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Mosaic Floor Panel with Head of Tethys

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Mosaic Floor Panel with Head of Tethys

3rd century
Roman Empire
50 1/4 x 82 1/16 x 2 7/16 in. (127.7 x 208.5 x 6.2 cm)

Roman artist

Roman; made in Antioch, Syria

Object Type: Mosaic
Medium and Support: Marble, stone, glass
Credit Line: University of Rochester Appropriation for the C. Herbert Ocumpaugh Collection
Accession Number: 1942.2
Location: Currently on view
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This mosaic depicting the head of Tethys, a Greek goddess of the sea, was discovered in 1939 in the ruins of Daphne, a wealthy suburb of Antioch. Tethys may have been a special patron of Antioch, a wealthy and diverse seaside city located in Syria but founded by settlers from a variety of nations. Antioch’s central location on the coast of the Mediterranean, easily reached from Europe, Africa, and the Middle East, made it a crossroads of cultures, religions, and languages.

Seleucus I, one of Alexander the Great’s former generals, founded Antioch on the Orontes River around 300 BCE. Settled by Macedonians, Athenians, and Jews, it maintained its reputation as a sophisticated and multi-ethnic city for centuries. At its peak, Antioch was the third largest city in the world, behind only Rome and Alexandria. Rome annexed Antioch in 64 BCE and made it the Syrian provincial capital. Despite a sequence of political upheavals and repeated catastrophic earthquakes, Antioch and its suburbs remained luxuriant and lively, drawing from the best of the eastern and western worlds.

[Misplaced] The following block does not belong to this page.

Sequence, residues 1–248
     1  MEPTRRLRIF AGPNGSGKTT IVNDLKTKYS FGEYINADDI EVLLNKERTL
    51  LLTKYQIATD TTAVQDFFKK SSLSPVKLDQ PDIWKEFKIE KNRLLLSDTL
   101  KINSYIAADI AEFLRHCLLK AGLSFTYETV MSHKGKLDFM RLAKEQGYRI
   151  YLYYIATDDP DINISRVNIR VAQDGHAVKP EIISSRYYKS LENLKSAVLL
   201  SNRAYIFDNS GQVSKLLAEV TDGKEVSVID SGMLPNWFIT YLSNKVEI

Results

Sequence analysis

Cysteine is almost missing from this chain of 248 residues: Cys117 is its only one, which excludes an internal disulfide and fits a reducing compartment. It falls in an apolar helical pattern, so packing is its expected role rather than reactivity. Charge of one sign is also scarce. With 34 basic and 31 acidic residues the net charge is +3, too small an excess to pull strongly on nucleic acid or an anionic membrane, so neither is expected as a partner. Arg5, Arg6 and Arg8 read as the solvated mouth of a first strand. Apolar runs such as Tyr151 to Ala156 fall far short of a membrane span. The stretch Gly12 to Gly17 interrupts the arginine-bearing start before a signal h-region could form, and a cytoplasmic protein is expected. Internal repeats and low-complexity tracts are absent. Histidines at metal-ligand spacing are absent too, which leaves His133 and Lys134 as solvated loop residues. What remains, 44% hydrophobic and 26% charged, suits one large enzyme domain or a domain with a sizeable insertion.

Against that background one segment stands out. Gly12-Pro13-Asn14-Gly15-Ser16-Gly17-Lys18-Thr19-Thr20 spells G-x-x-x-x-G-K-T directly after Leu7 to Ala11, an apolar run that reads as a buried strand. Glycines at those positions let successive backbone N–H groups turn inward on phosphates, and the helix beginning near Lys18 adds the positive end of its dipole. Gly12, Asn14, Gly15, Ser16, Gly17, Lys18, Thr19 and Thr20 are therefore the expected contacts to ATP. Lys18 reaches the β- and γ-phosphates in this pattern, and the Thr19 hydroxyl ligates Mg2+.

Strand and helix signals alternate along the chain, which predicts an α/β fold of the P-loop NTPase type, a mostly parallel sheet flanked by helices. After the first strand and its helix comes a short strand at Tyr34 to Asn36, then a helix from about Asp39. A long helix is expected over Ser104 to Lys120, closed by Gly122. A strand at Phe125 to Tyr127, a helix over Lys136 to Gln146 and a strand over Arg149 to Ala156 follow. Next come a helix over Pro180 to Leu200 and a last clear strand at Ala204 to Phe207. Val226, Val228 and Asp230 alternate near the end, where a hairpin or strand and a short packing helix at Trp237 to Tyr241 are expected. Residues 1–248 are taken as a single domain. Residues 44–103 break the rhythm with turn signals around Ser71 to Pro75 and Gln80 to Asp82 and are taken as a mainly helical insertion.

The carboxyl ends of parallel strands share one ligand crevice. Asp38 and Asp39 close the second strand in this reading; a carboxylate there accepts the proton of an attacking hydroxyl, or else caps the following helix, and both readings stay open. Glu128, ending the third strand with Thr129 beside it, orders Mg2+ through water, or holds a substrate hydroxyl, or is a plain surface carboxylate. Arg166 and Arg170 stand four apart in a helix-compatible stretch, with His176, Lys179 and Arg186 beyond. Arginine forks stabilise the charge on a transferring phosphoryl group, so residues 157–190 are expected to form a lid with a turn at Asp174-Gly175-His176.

The goddess Tethys, a figure from Greek legend, was also revered by the Roman citizens of Antioch. Born of Gaea, the earth deity, and Uranus, the god of the sky, Tethys was the wife of the sea god Oceanus, whose mythical river encircled the earth. She controlled the distribution of water throughout the streams of the world. She is often depicted with wings on her brow, possibly representing the winds that drove rainclouds.

In 1939, an archaeological excavation in the area of Antioch uncovered the Tethys mosaic. It had been part of a floor in an opulent Roman-era villa in the luxurious resort town of Daphne. This mosaic was one of more than three hundred pavements discovered in the vicinity. They featured scenes of the gods, animals including fish and birds, and repeating decorative ornament. The Memorial Art Gallery purchased the Tethys mosaic from Princeton University, one of seven institutions participating in the project. The excavations ended soon thereafter, as World War II destabilized the region. The province of Hatay, which includes Antioch and Daphne, is now part of northern Turkey.

Mosaics are designs made from tesserae, small pieces of colored stone or glass, embedded into a flat, prepared surface of damp concrete-like material. Although mosaics were first made before 1500 BCE, the Romans elevated the Greek art of mosaic, creating intricate patterns to cover floors of private homes as well as public buildings throughout the Empire.

[Gallery label text, 2009]

Purchased by the Gallery in 1942 from the Committee for the Excavation of Antioch and its Vicinity

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